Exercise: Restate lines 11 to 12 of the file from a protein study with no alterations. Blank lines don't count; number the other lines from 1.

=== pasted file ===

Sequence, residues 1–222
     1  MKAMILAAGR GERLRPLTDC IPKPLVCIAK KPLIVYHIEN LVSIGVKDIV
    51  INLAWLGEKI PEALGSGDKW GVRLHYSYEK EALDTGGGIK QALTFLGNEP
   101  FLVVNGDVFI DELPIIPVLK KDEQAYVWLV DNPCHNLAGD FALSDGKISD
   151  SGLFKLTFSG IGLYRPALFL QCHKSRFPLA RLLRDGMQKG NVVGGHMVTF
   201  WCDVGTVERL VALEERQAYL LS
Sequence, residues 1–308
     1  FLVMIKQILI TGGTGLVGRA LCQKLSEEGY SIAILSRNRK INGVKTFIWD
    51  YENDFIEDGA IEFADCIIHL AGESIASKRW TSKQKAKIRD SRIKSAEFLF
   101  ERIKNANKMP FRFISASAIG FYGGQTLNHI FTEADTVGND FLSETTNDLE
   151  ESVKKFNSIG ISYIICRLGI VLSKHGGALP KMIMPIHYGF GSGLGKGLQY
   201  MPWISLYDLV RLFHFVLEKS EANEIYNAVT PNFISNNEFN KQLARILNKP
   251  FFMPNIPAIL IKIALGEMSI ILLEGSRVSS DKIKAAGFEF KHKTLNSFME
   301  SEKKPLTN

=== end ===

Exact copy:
   151  ESVKKFNSIG ISYIICRLGI VLSKHGGALP KMIMPIHYGF GSGLGKGLQY
   201  MPWISLYDLV RLFHFVLEKS EANEIYNAVT PNFISNNEFN KQLARILNKP